Identification and Quantitation of 7,12-Dimethylbenz[a]anthracene-DNA Adducts Formed in Mouse Skin

Prabhakar D. Devanesan, N. V.S. RamaKrishna, N. S. Padmavathi, Sheila Higginbotham, Eleanor G. Rogan, Ercole L. Cavalieri, Glenn A. Marsch, Ryszard Jankowiak, Gerald J. Small

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79 Scopus citations


Identification and quantitation of the depurination and stable DNA adducts of 7,12-dimethylbenz [a] anthracene (DMBA) formed by cytochrome P450 in rat liver microsomes previously established one-electron oxidation as the predominant mechanism of activation of DMBA to bind to DNA. In this paper we report the identification and quantitation of the depurination and stable DMBA-DNA adducts formed in mouse skin. The depurination adducts, which constitute 99% of all the adducts detected, are DMBA bound at the 12-methyl group to the N-7 of adenine or guanine, namely, 7-methylbenz[a]anthracene (MBA)-12-CH2-N7Ade and 7-MBA-12-CH2-N7Gua. The depurination adducts were identified by HPLC and fluorescence line narrowing spectroscopy. The stable DNA adducts were analyzed by the 32P-postlabeling method. Almost 4 times as much of the depurination adduct 7-MBA-12-CH2-N7Ade (79%) was formed compared to 7-MBA-12-CH2-N7Gua (20%). The stable adducts accounted for only 1% of all the adducts detected and 80% of these were formed from DMBA diolepoxide. The binding of DMBA to DNA specifically at the 12-CH3 group is consistent with the results of carcinogenicity experiments in which this group plays a key role. When DMBA was bound to RNA or denatured DNA in reactions catalyzed by microsomes or by horseradish peroxidase (HRP), no depurination DNA adducts of DMBA were detected. The amount of stable DNA adducts observed with denatured DNA was 70% lower in the HRP system and 30% lower in the microsomal system compared to native DNA. In the microsomal system, just the two major adduct spots decreased, whereas the amounts of all of the adducts decreased with HRP. These results demonstrate that in mouse skin, DMBA-DNA adducts are predominantly formed via one-electron oxidation and that the adducts formed by the diolepoxide pathway are minor. The double helical structure of DNA is necessary for formation of adducts by one-electron oxidation but is not a critical factor in the diolepoxide pathway.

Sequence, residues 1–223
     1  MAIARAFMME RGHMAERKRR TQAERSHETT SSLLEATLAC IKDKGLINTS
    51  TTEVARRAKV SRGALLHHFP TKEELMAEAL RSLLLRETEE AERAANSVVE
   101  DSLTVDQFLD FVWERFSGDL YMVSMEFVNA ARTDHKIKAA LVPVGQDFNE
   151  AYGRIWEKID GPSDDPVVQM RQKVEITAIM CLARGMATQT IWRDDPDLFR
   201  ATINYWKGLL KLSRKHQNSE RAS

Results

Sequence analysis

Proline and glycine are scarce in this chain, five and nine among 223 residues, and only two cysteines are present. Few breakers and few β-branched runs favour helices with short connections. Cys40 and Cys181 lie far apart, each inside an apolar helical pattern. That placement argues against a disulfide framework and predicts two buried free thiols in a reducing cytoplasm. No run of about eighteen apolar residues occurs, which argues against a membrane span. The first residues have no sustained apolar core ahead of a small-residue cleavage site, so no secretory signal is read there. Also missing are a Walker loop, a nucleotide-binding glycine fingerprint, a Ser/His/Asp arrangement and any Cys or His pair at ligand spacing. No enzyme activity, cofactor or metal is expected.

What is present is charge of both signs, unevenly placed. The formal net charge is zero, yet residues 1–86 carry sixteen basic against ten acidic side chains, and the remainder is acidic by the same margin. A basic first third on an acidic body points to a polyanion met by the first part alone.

Original languageEnglish (US)
Pages (from-to)364-371
Number of pages8
JournalChemical Research in Toxicology
Issue number3
StatePublished - 1993

ASJC Scopus subject areas

  • Toxicology


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